The Angelina Jolie effect: how high celebrity profile can have a major impact on provision of cancer related services.

D Gareth Evans, Julian Barwell, Diana M Eccles, Amanda Collins, Louise Izatt, Chris Jacobs, Alan Donaldson, Angela F Brady, Andrew Cuthbert, Rachel Harrison, Sue Thomas, Anthony Howell, Zosia Miedzybrodzka, Alex Murray, Lynda Luke (Collaborator), Lesley Smart (Collaborator), Vian Salih (Collaborator), Ilyena Froud (Collaborator), Nicky Turner (Collaborator), Natarajan Vaithilingam (Collaborator)Tracey Hales (Collaborator), Samantha Bennion (Collaborator), Celia Diver-Hall (Collaborator), Jackie McGee (Collaborator), RDouglas MacMillan (Collaborator), Nicky Scott (Collaborator), Diana Dalgleish (Collaborator), Alison Smith (Collaborator), Celia Lewis (Collaborator), Janet Self (Collaborator), GeraldP Gui (Collaborator), DMark Sibbering (Collaborator), Samantha Crockett (Collaborator), Simerjit Rai (Collaborator), Harriet Goddard (Collaborator), Lorraine Roberts (Collaborator), Jayne Beesley (Collaborator), GarethS Goddard (Collaborator), Adam Shaw (Collaborator), AndrewJ Wallace (Collaborator)

Research output: Contribution to journalArticlepeer-review


INTRODUCTION: It is frequent for news items to lead to a short lived temporary increase in interest in a particular health related service, however it is rare for this to have a long lasting effect. In 2013, in the UK in particular, there has been unprecedented publicity in hereditary breast cancer, with Angelina Jolie's decision to have genetic testing for the BRCA1 gene and subsequently undergo risk reducing mastectomy (RRM), and a pre-release of the NICE guidelines on familial breast cancer in January and their final release on 26th June. The release of NICE guidelines created a lot of publicity over the potential for use of chemoprevention using tamoxifen or raloxifene. However, the longest lasting news story was the release of details of film actress Angelina Jolie's genetic test and surgery. METHODS: To assess the potential effects of the 'Angelina Jolie' effect, referral data specific to breast cancer family history was obtained from around the UK for the years 2012 and 2013. A consortium of over 30 breast cancer family history clinics that have contributed to two research studies on early breast surveillance were asked to participate as well as 10 genetics centres. Monthly referrals to each service were collated and increases from 2012 to 2013 assessed. RESULTS: Data from 12 family history clinics and 9 regional genetics services showed a rise in referrals from May 2013 onwards. Referrals were nearly 2.5 fold in June and July 2013 from 1,981 (2012) to 4,847 (2013) and remained at around two-fold to October 2013. Demand for BRCA1/2 testing almost doubled and there were also many more enquiries for risk reducing mastectomy. Internal review shows that there was no increase in inappropriate referrals. CONCLUSIONS: The Angelina Jolie effect has been long lasting and global, and appears to have increased referrals to centres appropriately.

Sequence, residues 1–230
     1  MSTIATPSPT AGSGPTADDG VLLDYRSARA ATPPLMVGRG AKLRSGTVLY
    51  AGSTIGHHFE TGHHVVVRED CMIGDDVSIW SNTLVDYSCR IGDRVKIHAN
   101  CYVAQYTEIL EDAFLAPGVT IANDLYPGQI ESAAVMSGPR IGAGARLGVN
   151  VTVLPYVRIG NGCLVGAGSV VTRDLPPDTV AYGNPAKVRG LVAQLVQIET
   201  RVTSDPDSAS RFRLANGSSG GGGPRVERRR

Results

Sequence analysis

Original languageEnglish
Pages (from-to)16 - 442
JournalBreast Cancer Research (Print)
Issue number5
Publication statusPublished - 2014


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